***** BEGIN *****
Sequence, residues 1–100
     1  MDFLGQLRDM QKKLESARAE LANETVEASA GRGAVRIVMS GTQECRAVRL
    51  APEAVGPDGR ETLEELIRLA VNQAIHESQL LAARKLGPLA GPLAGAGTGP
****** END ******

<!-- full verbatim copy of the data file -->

Sequence, residues 1–100
     1  MDFLGQLRDM QKKLESARAE LANETVEASA GRGAVRIVMS GTQECRAVRL
    51  APEAVGPDGR ETLEELIRLA VNQAIHESQL LAARKLGPLA GPLAGAGTGP